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Five takeaways from the England win over Wales in the Six Nations

By Liam Heagney
Wales' Alun Wyn Jones with England's Owen Farrell at full-time (Photo by Dan Mullan/The RFU Collection via Getty Images)

The round three table makes painful reading for Wales after their latest loss to England. Their attacking bluntness is portrayed in their scoring of a tournament-worst 27 points in 240 minutes, their defensive flakiness is seen in their concession of another tournament-worst 89 points and the most damning figure of all is how they have a big fat zero when it comes to tournament points and are bottom of the pile, a point behind Italy whom they next play away.


Coach Warren Gatland was at pains in Saturday’s aftermath in claiming his team “are not miles away” and there was quite the compliment also paid by England’s Steve Borthwick and Owen Farrell regarding the competitiveness of the Welsh despite all their head-wrecking contractual disputes.

Gatland reckoned the additional time with his team this summer in preparation for the World Cup will eventually be a game-changer, suggesting that “the improvement in strength, power and fitness will have a significant impact in terms of the performance of this team going forward”.

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That, though, can only be considered a hypothesis as the current reality is that Wales are in a spiral where the signs are that there is more chance of a Gareth Jenkins-type 2007 World Cup unfolding than any repeat of the semi-final-reaching 2019 campaign experienced under Gatland.

Listening to Gatland post-game in Cardiff was a joyless experience in contrast to the enthusiasm portrayed by Borthwick. On paper, both coaches are just three matches into their new reigns.


However, there must surely be a fear that Gatland coming back to Wales was the wrong appointment and that the successful ducking and diving of times past is now much too stale to fully motivate players who have heard it all before from him. Some rugby fans would have you believe that Gatland is the best coach anywhere in the professional era but nothing he has done this past month with Wales backs that up. Could it be that he is finally over the hill as a master motivator?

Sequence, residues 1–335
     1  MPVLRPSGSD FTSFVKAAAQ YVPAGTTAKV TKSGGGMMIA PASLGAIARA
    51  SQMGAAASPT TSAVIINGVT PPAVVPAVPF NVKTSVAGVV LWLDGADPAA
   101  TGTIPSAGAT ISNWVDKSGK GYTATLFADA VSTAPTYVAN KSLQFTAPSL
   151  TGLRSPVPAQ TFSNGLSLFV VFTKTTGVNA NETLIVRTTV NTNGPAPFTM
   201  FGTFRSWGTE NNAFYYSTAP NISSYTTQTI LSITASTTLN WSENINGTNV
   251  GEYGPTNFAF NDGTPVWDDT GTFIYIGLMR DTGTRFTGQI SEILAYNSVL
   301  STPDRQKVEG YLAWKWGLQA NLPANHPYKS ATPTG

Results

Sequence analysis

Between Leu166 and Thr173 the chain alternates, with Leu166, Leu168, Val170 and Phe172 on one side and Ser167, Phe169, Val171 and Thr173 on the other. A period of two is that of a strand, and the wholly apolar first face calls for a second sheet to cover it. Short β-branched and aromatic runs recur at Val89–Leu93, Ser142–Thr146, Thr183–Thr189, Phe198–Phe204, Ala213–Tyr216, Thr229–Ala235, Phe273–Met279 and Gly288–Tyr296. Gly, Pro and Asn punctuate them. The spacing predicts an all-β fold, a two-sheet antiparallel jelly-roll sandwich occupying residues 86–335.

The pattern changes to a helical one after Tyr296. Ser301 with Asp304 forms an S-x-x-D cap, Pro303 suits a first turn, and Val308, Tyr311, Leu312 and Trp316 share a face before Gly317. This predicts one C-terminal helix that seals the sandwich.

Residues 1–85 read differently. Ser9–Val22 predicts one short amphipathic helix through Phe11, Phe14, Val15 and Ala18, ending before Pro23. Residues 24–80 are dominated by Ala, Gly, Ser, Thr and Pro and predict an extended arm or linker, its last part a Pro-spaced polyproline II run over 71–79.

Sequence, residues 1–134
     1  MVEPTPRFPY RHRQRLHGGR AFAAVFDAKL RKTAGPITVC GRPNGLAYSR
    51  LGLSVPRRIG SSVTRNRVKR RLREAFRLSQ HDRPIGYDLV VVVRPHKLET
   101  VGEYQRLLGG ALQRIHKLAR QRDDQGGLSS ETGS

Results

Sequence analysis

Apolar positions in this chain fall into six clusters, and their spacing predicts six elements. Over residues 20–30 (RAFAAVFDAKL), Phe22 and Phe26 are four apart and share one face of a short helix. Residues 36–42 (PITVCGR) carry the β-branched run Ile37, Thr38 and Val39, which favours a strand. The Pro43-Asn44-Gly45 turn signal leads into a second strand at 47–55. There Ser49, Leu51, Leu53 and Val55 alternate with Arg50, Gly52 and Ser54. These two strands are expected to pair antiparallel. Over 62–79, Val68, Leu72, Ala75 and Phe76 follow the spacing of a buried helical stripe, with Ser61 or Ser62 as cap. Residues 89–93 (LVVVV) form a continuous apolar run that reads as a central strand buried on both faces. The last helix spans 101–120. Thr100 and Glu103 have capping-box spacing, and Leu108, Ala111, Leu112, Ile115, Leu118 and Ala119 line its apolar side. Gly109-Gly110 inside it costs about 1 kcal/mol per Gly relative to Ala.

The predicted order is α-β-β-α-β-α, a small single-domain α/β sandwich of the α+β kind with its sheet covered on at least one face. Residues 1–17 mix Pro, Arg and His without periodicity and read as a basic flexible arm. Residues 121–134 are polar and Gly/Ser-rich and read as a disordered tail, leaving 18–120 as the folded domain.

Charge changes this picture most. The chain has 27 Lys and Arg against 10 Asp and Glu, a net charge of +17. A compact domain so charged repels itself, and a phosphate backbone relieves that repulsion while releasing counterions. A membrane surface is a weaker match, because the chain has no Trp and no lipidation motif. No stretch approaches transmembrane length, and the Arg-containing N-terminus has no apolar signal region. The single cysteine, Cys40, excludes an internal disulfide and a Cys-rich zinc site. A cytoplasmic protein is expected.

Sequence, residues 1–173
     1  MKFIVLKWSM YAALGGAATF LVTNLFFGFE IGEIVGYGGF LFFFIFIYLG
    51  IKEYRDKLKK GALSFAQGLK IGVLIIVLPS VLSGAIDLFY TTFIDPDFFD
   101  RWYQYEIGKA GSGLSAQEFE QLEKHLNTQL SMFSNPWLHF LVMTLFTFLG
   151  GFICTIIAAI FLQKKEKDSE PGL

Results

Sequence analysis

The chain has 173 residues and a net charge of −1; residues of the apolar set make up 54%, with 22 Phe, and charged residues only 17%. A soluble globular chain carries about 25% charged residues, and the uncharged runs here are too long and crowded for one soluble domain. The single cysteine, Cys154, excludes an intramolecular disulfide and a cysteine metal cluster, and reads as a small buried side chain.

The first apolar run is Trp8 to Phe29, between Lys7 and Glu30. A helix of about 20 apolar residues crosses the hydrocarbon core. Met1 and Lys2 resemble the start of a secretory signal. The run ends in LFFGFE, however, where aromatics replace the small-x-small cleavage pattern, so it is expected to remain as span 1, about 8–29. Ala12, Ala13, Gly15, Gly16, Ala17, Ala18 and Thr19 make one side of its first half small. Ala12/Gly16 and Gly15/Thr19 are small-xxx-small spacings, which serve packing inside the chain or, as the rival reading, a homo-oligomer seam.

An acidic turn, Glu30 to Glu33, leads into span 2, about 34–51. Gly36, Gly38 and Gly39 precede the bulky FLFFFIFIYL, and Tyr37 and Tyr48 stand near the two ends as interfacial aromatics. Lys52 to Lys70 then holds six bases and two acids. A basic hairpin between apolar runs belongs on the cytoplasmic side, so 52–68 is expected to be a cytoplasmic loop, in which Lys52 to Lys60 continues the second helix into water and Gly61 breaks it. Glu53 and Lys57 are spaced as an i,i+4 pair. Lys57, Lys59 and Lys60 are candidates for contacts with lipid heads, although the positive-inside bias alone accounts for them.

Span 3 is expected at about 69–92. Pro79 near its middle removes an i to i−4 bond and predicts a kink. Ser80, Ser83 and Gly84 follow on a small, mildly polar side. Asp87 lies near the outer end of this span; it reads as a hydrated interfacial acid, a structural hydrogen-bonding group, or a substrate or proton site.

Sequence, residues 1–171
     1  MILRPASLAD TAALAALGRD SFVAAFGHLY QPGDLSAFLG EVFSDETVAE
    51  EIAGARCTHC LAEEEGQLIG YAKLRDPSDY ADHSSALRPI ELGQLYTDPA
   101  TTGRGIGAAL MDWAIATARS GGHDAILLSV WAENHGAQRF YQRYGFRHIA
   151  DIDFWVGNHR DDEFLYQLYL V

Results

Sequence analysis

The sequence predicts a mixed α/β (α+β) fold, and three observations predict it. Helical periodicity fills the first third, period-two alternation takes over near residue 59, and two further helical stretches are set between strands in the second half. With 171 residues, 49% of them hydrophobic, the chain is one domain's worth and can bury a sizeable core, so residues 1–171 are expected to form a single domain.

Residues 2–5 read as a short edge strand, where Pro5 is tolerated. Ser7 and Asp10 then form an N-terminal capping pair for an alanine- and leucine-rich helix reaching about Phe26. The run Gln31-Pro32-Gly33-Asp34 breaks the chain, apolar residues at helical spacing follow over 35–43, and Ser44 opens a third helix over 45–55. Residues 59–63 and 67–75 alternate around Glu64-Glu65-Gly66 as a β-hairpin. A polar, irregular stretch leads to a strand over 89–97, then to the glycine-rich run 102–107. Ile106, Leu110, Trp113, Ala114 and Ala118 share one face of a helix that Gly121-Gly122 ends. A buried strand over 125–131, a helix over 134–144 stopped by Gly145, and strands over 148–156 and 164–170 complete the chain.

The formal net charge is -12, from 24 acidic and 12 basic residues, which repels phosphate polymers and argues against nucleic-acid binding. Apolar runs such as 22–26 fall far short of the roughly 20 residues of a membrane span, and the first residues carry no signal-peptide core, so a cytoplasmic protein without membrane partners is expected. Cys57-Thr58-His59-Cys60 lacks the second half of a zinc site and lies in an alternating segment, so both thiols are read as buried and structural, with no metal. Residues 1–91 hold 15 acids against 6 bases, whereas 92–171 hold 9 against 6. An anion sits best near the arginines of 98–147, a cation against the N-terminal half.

Saturday’s key moment
One of the reasons why covering a match at the Principality is such a delight is the location of its press box so close to the action unlike at the other Six Nations stadiums. Located in the lower tier on halfway and not in the clouds like in Paris and Dublin, the close-ups of the action you get in Cardiff when play is on the near side are second to none, especially when it comes to appreciation of meaty, mightly collisions and the skills involved in jumping to gather the aerial ball.


Having Freddie Steward repeatedly soar high was something to treasure. So too the grunt and the heft that went into incidences such as Kyle Sinckler drilling Alun Wyn Jones backwards, as happened with the help of Maro Itoje in the first half. There was also much admiration for those who successfully jackalled over the ball – honourable mention here to Jack Willis, Lewis Ludlam and Justin Tipuric for their masterclass moments in defence.

The fiercest period of intensity, though, was felt in those minutes when England were brutes in hitting back so sharpish following the concession of the soft Louis Rees-Zammit intercept try. Sinckler’s try was the day’s key moment and Borthwick understandably enjoyed the intelligence and composure that went into this act of defiance.

“The players had been in Cardiff (before) and had not responded to setbacks that way. It shows how the team is growing with Owen’s leadership,” chirped the England boss. Without a doubt, his team’s fast-twitch response impressively deadened the home crowd just when it was set to ignite.

23-man game, my arse